You should have asked me this 5 years ago… When I became Chair of the IAAS I was really keen to grow our membership numbers and when we hit the 100 member mark it was a real pleasure to see our late Treasurer, Tony Emmerson’s, smile at that fact. The IAAS is now tucked in among the middle membership associations in the EAAS – still nowhere near Germany’s 1100 members mind you, but if we can keep our membership numbers buoyant and between 100-150 I think we will be well set to support postgraduate and early career scholars for years to come. As President of EAAS I’ve set myself and the Officers and the European journal team some ambitious and challenging goals: relaunch the EAAS website and the EAAS journal in time for the next EAAS conference, in London in 2018; produce a fairer set of subscription rates in relation to postgraduate and concession members across all of the associations; look at how to support the smallest Associations to help them increase membership; look at how we collaborate with other American Studies associations internationally. So plenty to do, but all hopefully to the benefit of EAAS members.

October 14- 15, 2016 Kutaisi, Georgia

 Organized by:

ATSU Foreign Affairs and Development Office, Prof. Vakhtang  Amaglobeli Center for American Studies & John Dos Passos Association of Georgia.


US Embassy in Georgia & Akaki Tsereteli State University

We invite a variety of contributions that address any of the following topics:

  • U.S. Literature
  • U.S. Education System
  • U.S. Culture
  • Art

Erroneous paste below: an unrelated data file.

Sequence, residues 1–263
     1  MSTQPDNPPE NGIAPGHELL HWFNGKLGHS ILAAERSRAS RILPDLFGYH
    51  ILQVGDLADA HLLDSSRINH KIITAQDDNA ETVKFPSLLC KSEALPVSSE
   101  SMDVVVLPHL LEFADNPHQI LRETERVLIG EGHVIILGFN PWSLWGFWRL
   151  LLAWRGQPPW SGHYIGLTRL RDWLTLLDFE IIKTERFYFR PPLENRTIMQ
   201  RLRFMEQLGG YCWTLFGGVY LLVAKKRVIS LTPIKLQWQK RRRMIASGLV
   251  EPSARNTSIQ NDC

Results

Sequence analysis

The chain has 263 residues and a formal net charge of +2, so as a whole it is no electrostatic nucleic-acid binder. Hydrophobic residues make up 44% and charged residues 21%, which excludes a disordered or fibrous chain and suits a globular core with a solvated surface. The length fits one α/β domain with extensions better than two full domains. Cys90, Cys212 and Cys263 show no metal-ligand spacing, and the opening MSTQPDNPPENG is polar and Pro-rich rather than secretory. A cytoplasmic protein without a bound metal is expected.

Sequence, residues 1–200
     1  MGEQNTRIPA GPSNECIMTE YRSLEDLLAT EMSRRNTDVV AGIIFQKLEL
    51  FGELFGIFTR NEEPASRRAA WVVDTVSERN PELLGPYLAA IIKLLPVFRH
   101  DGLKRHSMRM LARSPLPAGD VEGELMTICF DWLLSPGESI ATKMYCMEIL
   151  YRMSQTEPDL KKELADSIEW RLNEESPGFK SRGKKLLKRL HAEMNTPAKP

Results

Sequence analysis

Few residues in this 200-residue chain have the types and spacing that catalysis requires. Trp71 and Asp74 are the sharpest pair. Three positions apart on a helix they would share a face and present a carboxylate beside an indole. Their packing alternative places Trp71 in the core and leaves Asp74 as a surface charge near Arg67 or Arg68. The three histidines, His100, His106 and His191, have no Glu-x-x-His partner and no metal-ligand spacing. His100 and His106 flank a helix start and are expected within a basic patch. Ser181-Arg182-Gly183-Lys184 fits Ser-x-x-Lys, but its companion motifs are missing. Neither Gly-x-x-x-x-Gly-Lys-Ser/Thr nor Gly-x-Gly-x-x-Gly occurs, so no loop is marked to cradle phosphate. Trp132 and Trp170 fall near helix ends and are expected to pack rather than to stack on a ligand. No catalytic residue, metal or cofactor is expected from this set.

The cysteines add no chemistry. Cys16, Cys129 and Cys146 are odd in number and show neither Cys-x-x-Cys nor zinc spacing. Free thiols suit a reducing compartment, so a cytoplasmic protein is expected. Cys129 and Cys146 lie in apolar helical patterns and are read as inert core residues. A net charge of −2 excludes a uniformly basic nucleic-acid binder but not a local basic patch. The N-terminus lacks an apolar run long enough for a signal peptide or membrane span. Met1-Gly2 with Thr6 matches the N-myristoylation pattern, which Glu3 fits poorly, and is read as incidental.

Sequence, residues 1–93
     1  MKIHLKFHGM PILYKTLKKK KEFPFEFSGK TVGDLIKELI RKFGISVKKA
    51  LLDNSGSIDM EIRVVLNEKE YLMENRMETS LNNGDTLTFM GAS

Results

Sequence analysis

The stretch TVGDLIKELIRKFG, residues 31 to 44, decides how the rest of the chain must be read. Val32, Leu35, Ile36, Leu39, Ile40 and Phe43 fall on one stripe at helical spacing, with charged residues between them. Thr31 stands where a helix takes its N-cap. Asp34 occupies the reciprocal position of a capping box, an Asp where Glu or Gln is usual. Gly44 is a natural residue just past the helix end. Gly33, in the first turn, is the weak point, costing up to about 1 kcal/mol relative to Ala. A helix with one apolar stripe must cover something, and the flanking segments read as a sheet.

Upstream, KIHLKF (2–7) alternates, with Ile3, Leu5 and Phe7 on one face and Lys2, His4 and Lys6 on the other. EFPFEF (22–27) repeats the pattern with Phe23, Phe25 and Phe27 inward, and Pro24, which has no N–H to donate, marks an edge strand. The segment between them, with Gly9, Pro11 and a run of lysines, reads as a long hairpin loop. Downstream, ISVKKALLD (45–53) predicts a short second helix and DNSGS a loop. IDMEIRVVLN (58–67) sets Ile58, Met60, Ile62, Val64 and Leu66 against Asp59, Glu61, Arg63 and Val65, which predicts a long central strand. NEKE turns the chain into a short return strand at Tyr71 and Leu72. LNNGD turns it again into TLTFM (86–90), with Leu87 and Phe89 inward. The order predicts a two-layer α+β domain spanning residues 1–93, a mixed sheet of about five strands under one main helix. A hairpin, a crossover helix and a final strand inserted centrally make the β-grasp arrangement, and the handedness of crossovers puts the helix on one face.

• Philosophy
  • Mass Media
  • Social and Women’s Issues
  • U.S. History
  • U.S. Politics
  • Religion
  • Law
  • Economics
  • Healthcare
  • Ecology
  • Georgian-American Relations

Working Languages: Georgian and English

 Style guides for papers:

Conference proceedings will be published as a journal. Manuscripts should not ordinarily exceed fifteen standard pages (A4) including the abstract and the contributor’s short bio. All papers must conform to The Chicago Manual of Style, 15th Edition in all matters of form and should be typewritten in MS Word 2003. Use Times New Roman: 12 pts fonts for the main text and all additional parts except endnotes and index (where you should use 10 pts), and chapter headings (where you should use 16 pts). All text should be single-spaced.

Time Limit for Speakers: 15 minutes

Time Limit for Discussion: 5-7 minutes

Registration Fee:

$50 (including taxes).The registration fee will cover participation in the sessions and publication expenses.
Fees should be paid by wire transfer to the conference bank account.


September 10, 2016

Contact:          ATSU Foreign Affairs and Development Office

AkakiTsereteli State University

                        59Tamar Mepe St., 4600Kutaisi, Georgia

                        Tel.:    +995 431 245784

                        Fax :    +995 431 243833




Contact Person:           Malvina Davituliani


Over the next few weeks, we’re going to introduce you to the members of the Executive Committee. First up is Dr Bernice Murphy!

     How did you end up where you are now?